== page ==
Three members of the jazz community, all good friends of LJN – Matt Fripp, Emily Saunders and Phil Meadows – are responding to the pandemic in the deeply positive and instinctively community-building way that jazz musicians do, writes Rosa Sawer. Each of them has launched an interesting initiative concerned with highlighting and building awareness of the problems caused by a shutdown in activity, and the need for further action, at both grassroots and government level, and has done it in a joined-up and deeply positive way.
JazzFuel recently published the comprehensive International Jazz Musician Survey of 266 professional jazz musicians from across the globe, to determine the difficulties faced specifically by this industry not just at the moment, but also in the future.
Amongst other concerning results, the survey found that “55% of jazz musicians surveyed said they had no live performances scheduled for 2021.”
With the average musician’s optimism for the jazz scene in the next 12 months being rated as 4.2 out of 10, the pessimism is perhaps not surprising when 56% of participants’ income comes from live concerts. The average musician surveyed had 35.5 performances cancelled as a result of the pandemic.
But it’s not all doom and gloom. During this time, jazz musicians have had to be incredibly adaptable – with or without the help of their government. Moving their performances onto a digital platform has proved a popular alternative with 49% of all surveyed musicians having performed a livestream concert since lockdown. Matt Fripp says “musicians are constantly reinventing themselves and evolving as both performers and entrepreneurs.”
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Another survey is being undertaken by the digital platform Connects Music (including JazzConnects), created to collate information and understanding of how performers, composers and music educators are being affected by the loss of live performance. Creator of ConnectsMusic.com, Emily Saunders explains “As a performer, composer myself who looks towards a financially bleak 2021, this comprehensive UK survey directly demonstrates an in-depth understanding of how we’re being impacted in these tough times. We need as many people as possible to fill this out and help spread the word, as for lobbying we need stats – the anonymous information of real-life experiences that we’re all going through is really needed.” Supported by The Musicians’ Union and The Ivors Academy, the outcome will further identify needs for support structures from the government and funding bodies. The link to the survey can be found below for any artist to anonymously share their experience.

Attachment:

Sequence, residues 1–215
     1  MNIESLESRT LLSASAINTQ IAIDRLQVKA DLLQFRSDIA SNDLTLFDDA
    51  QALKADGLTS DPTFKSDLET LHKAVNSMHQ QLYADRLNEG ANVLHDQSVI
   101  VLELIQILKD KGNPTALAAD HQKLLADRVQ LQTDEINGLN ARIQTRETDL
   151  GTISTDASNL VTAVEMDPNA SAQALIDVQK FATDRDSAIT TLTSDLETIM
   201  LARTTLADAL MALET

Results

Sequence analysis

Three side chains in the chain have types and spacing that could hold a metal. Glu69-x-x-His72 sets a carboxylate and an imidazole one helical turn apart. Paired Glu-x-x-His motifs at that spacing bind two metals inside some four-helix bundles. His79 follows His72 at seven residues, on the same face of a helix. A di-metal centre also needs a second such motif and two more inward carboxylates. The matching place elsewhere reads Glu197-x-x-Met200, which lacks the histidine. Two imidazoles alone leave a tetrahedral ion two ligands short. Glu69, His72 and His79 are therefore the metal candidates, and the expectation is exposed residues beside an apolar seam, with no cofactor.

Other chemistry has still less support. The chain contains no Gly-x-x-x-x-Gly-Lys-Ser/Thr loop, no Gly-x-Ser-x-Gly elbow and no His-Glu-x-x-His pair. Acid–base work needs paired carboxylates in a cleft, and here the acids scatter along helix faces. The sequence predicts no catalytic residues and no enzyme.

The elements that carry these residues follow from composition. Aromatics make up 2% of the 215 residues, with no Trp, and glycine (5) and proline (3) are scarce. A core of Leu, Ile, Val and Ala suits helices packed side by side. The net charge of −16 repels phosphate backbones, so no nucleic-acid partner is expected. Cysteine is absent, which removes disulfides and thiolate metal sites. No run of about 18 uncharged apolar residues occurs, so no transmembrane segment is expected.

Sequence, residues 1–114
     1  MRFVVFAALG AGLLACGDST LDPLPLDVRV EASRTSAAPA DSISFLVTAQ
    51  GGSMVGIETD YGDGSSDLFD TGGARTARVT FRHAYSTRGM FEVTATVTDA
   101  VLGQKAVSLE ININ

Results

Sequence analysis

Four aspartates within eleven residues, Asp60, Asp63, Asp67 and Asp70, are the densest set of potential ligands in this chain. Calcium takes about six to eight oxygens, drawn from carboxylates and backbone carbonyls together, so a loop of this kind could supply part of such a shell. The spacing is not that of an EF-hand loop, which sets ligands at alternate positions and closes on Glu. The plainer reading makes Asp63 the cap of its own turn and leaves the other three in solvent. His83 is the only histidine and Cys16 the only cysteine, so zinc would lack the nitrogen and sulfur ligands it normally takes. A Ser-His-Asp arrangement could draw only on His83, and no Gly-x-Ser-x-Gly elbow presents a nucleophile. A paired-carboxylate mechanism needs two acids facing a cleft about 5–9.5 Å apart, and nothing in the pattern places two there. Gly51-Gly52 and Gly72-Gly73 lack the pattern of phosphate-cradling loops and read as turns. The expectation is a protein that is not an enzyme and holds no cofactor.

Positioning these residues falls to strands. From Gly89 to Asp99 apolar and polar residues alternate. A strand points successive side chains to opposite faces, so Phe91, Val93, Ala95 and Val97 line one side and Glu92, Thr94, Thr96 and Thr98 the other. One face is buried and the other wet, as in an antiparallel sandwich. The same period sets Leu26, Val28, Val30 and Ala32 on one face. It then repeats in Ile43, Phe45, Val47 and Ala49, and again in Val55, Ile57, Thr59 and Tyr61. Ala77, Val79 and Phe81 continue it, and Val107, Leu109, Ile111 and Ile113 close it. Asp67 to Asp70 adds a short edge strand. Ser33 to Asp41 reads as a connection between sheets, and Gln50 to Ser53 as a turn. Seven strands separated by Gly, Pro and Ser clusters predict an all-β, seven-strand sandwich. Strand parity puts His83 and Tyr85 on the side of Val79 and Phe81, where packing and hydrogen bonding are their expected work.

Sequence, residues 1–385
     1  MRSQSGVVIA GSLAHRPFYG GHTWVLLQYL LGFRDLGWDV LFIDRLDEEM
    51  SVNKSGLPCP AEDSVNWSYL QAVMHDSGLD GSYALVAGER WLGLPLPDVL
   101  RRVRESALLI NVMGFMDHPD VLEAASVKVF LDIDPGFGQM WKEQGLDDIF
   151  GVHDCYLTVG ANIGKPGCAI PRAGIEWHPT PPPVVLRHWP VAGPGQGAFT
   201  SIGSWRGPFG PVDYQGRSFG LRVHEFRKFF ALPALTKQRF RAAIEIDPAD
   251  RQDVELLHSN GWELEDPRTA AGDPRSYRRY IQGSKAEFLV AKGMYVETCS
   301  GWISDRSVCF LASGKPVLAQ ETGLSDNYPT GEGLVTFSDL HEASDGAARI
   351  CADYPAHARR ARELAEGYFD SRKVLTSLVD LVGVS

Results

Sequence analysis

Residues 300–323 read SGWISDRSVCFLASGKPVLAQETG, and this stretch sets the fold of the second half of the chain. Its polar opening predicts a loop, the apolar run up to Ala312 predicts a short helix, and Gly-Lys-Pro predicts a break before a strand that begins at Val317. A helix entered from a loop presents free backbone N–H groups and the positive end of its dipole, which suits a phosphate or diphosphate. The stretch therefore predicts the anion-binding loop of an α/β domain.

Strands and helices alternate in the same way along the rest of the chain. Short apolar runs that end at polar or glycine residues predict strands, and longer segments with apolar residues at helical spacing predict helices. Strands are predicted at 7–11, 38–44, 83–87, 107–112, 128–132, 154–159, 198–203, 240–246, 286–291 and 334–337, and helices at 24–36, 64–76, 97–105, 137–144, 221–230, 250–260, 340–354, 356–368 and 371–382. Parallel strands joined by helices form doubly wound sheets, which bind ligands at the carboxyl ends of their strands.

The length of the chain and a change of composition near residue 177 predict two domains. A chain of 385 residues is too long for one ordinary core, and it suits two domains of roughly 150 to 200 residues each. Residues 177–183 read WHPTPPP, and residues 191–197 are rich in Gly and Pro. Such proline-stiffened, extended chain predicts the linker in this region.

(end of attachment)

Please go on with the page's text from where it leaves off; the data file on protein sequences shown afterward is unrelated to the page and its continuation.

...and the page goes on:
LINK: #ArtsNeedStats #Artists4Artists ConnectsMusic Covid19 Impact Survey
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#MakeMusicWork, the campaign partnership between Musicians’ Movement and the Incorporated Society of Musicians (ISM), has received an impressive list of 1,200 signatories in support of petitioning the government to follow two key routes to get the creative industries safely back to work.
The first is the Freelance Performers Support Scheme to “help musicians return to live performances in COVID-secure spaces, with a guaranteed minimum fee for freelancers, and scalable grants that give promoters and venues the confidence to programme events by paying out regardless of local lockdowns”.
And the second makes changes to the Self-Employment Income Support Scheme, “to provide a tailored safety net for musicians who cannot work while venues remain closed due to government safety restrictions”. The open letter provides tangible evidence not only of the great need for implementing changes that put musicians first, but also of how music will always unite people in a common goal.
Managing Directors of Musicians’ Movement, Phil Meadows & Christopher Barrett said: “#MakeMusicWork represents the overwhelming consensus in the arts sector that freelancers are the bedrock of our industry. These principles have the potential to reunite local communities whilst simultaneously supporting creators, performers and venues.”